An article in the Columbus Dispatch last year (5/12/14) profiled John E. Pistick, 71, who lost his left arm due to soft-tissue sarcoma, a rare type of cancer that has been found in Vietnam veterans exposed to Agent Orange. Two of his three children developed brain tumors during childhood. They are adults now, but because of their inability to live independently they still reside with their parents.

The brave men and women of the armed forces deserve our admiration and gratitude. Society owes them the best care available. They and their children should not have to worry about whether or not to receive medical help. The Victims of Agent Orange Relief Act of 2013 merits bipartisan support. It is a broad piece of legislation – perhaps too broad because it also includes assistance to Vietnamese nationals and environmental remediation. If it does not pass, then perhaps a more narrowly defined law that specifically addresses the needs of the American descendants of Vietnam War veterans needs to be introduced.


Dr. Thomas Wolber is an associate professor of German at Ohio Wesleyan.  He teaches all levels of German language, literature and civilization. In addition to those subjects, he specializes in comparative literature and environmental studies.

Finding a Friend

By: Campbell Scribner

I recently reread an essay by a friend of mine, a teacher and pastor, with whom I have kept in touch since college. Actually, not a teacher or a pastor: he quit both jobs a long time ago. They felt fake, he said, rote and repetitive and hollow. So he became a freelance writer.

He wrote the essay, and I first read it, in a climate of fear and uncertainty. The United States was engaged in irresponsible, possibly illegal military actions, and we had mutual friends getting involved (a little over their heads) with the peace movement. Corporate scandals led to a series of financial shocks, one of which cost my father his job. The liberal circles in which we moved were becoming increasingly uncomfortable with the conditions under which their food and clothing were produced, leading to heated arguments about what counted as “organic” or “fair trade.” My friend stopped eating sugar for a while.

He touched on all this in his essay, but the real focus was the precarious fate of young people as they entered the workforce. Finding employment required shameless self-promotion, he complained, if not outright dishonesty. And for what? So that one could earn a living exploiting others and performing pointless tasks, laboring (as he so floridly put it) under a “harness of routine and obsequiousness.”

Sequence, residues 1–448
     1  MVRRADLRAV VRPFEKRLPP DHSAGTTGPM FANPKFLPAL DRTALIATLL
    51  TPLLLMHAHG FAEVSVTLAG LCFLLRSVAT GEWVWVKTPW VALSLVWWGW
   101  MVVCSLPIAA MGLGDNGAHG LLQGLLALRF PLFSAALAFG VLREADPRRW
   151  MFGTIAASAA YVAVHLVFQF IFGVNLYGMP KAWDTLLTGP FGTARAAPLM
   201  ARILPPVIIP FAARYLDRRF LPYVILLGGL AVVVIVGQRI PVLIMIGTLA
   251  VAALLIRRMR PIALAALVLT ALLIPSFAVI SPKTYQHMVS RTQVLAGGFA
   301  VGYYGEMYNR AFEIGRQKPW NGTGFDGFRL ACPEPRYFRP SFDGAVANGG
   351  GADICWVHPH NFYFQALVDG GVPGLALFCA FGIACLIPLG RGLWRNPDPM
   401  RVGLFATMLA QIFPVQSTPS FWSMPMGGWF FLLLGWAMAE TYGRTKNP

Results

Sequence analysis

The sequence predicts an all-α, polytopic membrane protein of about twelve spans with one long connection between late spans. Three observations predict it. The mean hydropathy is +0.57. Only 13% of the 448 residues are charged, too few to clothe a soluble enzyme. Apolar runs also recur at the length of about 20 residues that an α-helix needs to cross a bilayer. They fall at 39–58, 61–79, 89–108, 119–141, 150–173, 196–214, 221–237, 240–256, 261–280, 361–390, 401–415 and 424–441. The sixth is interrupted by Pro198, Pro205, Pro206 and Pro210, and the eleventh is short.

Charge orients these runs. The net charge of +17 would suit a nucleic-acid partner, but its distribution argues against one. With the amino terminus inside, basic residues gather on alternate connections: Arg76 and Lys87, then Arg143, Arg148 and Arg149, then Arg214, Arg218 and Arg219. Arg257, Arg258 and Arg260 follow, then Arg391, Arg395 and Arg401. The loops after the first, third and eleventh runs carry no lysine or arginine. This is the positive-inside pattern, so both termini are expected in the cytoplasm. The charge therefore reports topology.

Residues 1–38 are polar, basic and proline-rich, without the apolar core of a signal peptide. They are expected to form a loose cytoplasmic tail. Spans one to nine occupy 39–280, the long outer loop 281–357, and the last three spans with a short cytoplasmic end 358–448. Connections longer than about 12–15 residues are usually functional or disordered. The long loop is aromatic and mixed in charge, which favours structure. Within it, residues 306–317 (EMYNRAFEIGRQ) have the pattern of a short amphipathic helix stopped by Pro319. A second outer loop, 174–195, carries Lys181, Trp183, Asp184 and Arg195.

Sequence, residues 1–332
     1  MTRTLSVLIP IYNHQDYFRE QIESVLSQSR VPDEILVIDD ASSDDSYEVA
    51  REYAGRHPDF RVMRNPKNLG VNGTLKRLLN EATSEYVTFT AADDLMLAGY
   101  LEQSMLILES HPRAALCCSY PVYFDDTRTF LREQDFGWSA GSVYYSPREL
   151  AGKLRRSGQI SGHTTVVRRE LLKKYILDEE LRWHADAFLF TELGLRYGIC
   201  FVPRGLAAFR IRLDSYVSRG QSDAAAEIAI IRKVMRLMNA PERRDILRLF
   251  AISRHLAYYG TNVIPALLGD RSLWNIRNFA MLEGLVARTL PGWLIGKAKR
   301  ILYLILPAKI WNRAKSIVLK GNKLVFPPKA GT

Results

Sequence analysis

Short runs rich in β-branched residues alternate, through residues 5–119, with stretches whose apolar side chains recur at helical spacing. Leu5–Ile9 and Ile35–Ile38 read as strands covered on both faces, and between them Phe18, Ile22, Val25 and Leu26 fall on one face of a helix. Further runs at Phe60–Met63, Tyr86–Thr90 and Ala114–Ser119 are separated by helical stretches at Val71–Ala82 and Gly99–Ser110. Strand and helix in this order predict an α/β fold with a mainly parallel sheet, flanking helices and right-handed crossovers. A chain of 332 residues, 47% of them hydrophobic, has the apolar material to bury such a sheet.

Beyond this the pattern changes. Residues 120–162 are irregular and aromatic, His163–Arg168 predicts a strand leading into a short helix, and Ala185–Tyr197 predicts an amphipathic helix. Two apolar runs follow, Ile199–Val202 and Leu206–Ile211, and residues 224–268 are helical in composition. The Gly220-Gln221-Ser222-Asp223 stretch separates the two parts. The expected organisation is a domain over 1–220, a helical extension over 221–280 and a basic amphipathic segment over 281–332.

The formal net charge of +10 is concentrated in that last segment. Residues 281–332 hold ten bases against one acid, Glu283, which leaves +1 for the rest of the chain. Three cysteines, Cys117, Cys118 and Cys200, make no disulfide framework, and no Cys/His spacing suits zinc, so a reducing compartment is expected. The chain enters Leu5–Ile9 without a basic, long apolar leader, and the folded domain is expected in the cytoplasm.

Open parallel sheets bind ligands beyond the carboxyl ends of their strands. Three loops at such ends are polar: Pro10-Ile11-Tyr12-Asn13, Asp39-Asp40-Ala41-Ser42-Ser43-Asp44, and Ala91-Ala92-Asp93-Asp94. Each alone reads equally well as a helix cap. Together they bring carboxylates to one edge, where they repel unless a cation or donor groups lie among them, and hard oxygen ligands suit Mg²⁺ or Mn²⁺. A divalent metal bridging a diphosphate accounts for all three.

It was no wonder that so many college graduates had grown cynical, shielding themselves with irony and rolling their eyes at any sort of idealism. The world was built on lying, cheating, and shopping, all of which the rising generation cruelly mocked but engaged in anyway, because they didn’t feel like they could change anything. The most noble of them might pursue academic careers (as I later did) but they would have to subsist on debt and charity, and even then would feel guilty for enjoying a level of success denied to others who were equally qualified. There was no way out. It seemed that we were all doomed to the moral corruption of adulthood.

Despite all of its hand-wringing, however, the essay ended with a hopeful image: young men and women not yet beholden to the capitalist system, free from the chains of consumption that constrained Western society. The term “Arab Spring” did not yet exist—and my friend abhorred both religious orthodoxy and political violence—but he spoke approvingly of the fervor and faith with which young Muslims had reshaped the Arab world. A similar group of American youths, willing to sacrifice financial gain for more moral, meaningful work, might radically transform our own country, he wrote, renewing protections for women, children, workers, and the elderly while establishing a robust sense of the common good.

That message inspired me. It didn’t matter that Ralph Waldo Emerson and I were of different backgrounds, or that his essay, “Man the Reformer,” first appeared in 1841. We were wrestling with the same questions about the individual’s place in the modern world, and I considered him a friend.

I do not mention all of this so that you will go and read Emerson’s essay (though you should), but instead to offer some advice for study at OWU. One of the benefits of a liberal arts education is the ability to recognize that others have confronted the same quandaries and challenges that you do, albeit in times and places that may seem remote. Whether you pursue history, literature, or some other discipline, remember that learning is most effective when it captures the immediacy and applicability—the moral stakes—of other people’s experiences. Making that connection can lead to the best kind of companionship.


Campbell Scribner is an education professor whose teaching-related interests include the history and philosophy of education and the history of childhood.

Too much hot air

By: TC Brown

By many measures, this winter has been a pain in areas where the sun rarely reaches.

Dreadful weather is bad enough on its own, but it can also be a real boon for the radical element that deny the existence of climate change.